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    I have to say, I probably do use italics more often than I should. The problem is, Benjamin (the main character) is always thinking and analysing his own actions, so there's a lot of thoughts involved. But I'm working on ways of 'slimming down' on the italics... Indirect thoughts, balanced out with direct ones, seems to be the best option at the moment.
     
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  13. Kalisto

    Kalisto Senior Member

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    The thing about it is that most people (not everyone) have an "inner voice." That is where they can literally hear themselves narrate inside their own head. Those of us with it, can literally have an argument with ourselves in complete sentences in our own head. And when people have that inner voice, it narrates in first person.
     
  14. montecarlo

    montecarlo Member Supporter Contributor

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    I don't mind either way, personally, and I think you've seen some advice here that shows there's very much a preference element to it. I don't think it'll make or break your writing. If you have a good story and have enthralled the reader, they won't mind what you pick.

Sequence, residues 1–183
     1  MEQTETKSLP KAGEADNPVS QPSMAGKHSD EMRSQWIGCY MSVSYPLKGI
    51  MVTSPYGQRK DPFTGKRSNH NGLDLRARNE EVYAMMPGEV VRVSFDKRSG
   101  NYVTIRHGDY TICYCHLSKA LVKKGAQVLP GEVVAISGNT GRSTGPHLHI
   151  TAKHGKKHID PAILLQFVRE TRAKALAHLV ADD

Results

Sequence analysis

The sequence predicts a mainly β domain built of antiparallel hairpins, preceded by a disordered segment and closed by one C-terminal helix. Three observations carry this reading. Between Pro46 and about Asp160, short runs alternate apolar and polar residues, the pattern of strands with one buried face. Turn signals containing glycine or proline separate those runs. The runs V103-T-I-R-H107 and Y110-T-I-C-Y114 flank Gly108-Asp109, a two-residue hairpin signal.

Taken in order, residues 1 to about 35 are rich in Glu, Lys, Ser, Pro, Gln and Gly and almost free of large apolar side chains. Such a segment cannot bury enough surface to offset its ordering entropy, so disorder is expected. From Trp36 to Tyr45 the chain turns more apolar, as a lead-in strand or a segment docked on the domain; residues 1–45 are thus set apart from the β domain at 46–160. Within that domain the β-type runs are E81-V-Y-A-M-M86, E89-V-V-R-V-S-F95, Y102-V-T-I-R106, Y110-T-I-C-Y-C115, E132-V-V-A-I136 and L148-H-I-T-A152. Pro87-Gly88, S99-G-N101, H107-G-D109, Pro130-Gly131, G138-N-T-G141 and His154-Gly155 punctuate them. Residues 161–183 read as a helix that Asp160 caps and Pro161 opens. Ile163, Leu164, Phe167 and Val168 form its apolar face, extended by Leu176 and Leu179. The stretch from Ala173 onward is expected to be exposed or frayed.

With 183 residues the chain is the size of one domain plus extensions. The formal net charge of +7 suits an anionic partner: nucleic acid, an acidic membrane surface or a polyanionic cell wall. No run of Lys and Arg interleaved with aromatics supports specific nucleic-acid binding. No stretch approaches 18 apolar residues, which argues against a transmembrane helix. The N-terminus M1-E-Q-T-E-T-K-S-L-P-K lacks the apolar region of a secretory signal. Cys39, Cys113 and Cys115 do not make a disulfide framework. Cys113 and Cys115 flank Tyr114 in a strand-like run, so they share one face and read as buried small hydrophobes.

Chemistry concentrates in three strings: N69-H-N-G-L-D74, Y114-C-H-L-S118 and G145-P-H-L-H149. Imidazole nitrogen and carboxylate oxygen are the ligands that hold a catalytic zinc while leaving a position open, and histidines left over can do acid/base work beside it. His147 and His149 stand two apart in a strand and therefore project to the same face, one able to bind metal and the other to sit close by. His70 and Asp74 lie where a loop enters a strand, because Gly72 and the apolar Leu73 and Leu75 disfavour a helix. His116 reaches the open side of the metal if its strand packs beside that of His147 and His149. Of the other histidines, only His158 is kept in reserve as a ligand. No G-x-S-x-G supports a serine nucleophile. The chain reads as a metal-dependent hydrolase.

I do want to bring up there is another option, which is second person, useful for when a character is beating up on himself/herself.

    Of course you're jealous of Harlin. Why wouldn't you be? He's noble, generous, brave, and handsome, and you won't amount to a hill of beans in this world.
     
  15. Steerpike

    Steerpike Felis amatus Contributor

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    The first example isn’t a direct thought and shouldn’t be italicized. It’s otherwise fine. The second example is fine as-is.
     
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  16. Rosacrvx

    Rosacrvx Contributor Contributor

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    What @TheOtherPromise said. That is your real problem.